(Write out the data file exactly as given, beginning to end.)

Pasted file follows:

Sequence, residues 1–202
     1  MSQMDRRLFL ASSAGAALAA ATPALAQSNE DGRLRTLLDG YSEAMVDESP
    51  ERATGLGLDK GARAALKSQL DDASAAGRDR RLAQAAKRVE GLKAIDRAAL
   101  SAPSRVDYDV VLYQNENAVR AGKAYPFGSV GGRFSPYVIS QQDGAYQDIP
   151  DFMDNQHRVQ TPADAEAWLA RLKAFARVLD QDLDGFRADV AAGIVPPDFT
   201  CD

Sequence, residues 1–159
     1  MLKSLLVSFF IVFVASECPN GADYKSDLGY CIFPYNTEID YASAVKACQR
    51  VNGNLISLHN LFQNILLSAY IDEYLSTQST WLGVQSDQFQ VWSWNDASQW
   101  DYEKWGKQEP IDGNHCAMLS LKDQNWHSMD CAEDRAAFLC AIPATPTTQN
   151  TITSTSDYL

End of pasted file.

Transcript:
Sequence, residues 1–202
     1  MSQMDRRLFL ASSAGAALAA ATPALAQSNE DGRLRTLLDG YSEAMVDESP
    51  ERATGLGLDK GARAALKSQL DDASAAGRDR RLAQAAKRVE GLKAIDRAAL
   101  SAPSRVDYDV VLYQNENAVR AGKAYPFGSV GGRFSPYVIS QQDGAYQDIP
   151  DFMDNQHRVQ TPADAEAWLA RLKAFARVLD QDLDGFRADV AAGIVPPDFT
   201  CD

Sequence, residues 1–159
     1  MLKSLLVSFF IVFVASECPN GADYKSDLGY CIFPYNTEID YASAVKACQR
    51  VNGNLISLHN LFQNILLSAY IDEYLSTQST WLGVQSDQFQ VWSWNDASQW
   101  DYEKWGKQEP IDGNHCAMLS LKDQNWHSMD CAEDRAAFLC AIPATPTTQN
   151  TITSTSDYL